The Discworld Reread: Book IV
Mortimer, usually called Mort, is nice, well-meaning, but ultimately a bit hopeless. In an effort to make him into someone else’s problem, his father takes him down one Hogswatchnight to the hiring fair in the local town, but no one’s interested. It seems that the gangly boy can’t even be given away. Optimistic to the last, Mort insists on waiting until the last stroke of midnight, just in case a potential employer comes late to the fair. And, sure enough, as the bells strike out over the town, a strange figure appears, cowled and riding a white horse (whose name is Binky), to make Mort an offer that he can’t refuse. He always hoped he’d become an apprentice. He just didn’t think he’d be working for Death.
As I’ve said before, Death is one of my favourite Discworld characters because, despite his propensity to speak in small caps, and the whole business with the scythe and the… well… somewhat undernourished appearance, he’s just an anthropomorphic personality trying to do a good job. And is he appreciated? Generally, no. Throughout the Discworld series, we see a number of occasions when the world trembles on the brink of chaos simply because Death is trying, endearingly but misguidedly, to adopt human ideas. This is the first. It occurs to Mort pretty quickly that being Death’s apprentice is somewhat pointless. After all, it’s not as if he’s ever going to inherit the family firm, is it?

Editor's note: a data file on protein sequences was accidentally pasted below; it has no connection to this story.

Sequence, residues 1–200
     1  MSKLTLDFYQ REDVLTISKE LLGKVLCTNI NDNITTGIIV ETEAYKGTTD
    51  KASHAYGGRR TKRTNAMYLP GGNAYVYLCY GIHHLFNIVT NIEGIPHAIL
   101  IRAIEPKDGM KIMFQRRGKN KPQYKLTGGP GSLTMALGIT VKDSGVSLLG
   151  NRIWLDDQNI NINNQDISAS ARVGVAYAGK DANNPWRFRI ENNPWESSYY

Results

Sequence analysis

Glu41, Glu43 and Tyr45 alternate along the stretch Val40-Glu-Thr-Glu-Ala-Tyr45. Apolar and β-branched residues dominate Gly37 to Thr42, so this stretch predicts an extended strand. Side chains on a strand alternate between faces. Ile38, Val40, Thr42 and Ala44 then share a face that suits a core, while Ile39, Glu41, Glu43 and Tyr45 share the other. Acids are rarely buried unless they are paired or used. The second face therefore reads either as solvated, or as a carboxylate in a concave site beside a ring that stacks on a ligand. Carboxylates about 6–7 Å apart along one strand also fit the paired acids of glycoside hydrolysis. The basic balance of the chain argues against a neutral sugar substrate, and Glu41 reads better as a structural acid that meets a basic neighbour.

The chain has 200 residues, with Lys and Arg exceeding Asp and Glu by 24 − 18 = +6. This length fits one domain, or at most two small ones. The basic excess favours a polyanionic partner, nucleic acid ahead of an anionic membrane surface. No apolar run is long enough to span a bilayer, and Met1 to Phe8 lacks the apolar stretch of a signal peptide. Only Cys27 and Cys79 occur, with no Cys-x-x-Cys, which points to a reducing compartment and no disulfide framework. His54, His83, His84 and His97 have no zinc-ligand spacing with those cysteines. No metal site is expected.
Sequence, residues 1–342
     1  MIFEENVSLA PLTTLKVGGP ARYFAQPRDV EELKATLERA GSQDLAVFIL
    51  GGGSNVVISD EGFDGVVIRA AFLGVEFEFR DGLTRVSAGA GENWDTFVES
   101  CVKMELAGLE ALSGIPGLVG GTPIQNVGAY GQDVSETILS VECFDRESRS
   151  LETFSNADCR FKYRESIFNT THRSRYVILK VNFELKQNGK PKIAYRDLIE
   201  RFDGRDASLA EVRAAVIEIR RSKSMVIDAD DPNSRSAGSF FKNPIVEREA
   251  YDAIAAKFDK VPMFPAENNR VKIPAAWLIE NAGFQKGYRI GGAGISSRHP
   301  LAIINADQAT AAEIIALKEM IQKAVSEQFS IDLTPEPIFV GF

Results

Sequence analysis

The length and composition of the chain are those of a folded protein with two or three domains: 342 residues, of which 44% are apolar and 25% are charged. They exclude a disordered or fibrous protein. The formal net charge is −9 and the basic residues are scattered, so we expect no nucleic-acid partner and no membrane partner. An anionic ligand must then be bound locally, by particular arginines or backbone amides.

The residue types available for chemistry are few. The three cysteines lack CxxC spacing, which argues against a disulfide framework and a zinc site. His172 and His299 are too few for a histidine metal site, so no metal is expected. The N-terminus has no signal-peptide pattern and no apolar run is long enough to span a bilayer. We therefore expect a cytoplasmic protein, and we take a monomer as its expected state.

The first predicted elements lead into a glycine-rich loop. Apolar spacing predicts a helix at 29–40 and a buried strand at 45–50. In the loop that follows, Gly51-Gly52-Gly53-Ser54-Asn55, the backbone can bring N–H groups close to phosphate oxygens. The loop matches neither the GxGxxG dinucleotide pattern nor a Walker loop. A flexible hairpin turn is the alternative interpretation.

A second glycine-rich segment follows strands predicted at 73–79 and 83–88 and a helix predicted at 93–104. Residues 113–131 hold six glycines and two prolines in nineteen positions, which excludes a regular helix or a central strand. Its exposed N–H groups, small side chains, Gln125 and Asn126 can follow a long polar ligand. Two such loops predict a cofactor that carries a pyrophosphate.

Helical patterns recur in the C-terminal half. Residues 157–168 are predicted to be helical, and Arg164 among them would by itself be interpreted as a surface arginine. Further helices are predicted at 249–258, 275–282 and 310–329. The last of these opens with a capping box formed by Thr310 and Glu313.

But Death is keen to give the young man a chance, and gently works him up to the stage where he can take on some of the round by himself. And this is where trouble starts because, when all’s said and done, Mort is only about fifteen and prone to romantic beliefs about the universe, such as, for example, a beautiful princess shouldn’t be murdered by her evil uncle. As Death enjoys the chance to finally take his eye off the ball and see a bit of the world, Mort makes the rookie error of letting sentiment get the better of him. It’s a decision which will lead to the very fabric of space and time becoming twisted, but altering the nature of the universe is only one of his problems. There are other pressing matters on Mort’s plate as well – not least the issue of how to deal with the sniffily pompous Ysabell, Death’s adopted daughter.
Mort is delightful from start to finish; it’s one of only two Discworld books to have had the Folio Society treatment, in a beautiful illustrated edition which I covet horribly. The characterisation is wonderful and it does a great job of taking high fantasy conceits and gently puncturing them with common sense. (Rincewind has a very brief cameo, although sans Luggage.) And it sets Death up as a surprisingly sympathetic and fallible character, rather fond of kittens and prone to sudden flights of fancy which, as we’ll see further down the line, sometimes take bewildering forms. Certainly one of the highlights in the series.
Last in the series – Equal Rites
Next in the series – Sourcery
More Kidby goodness, this time showing Death, with kitten (left) and Mort (right).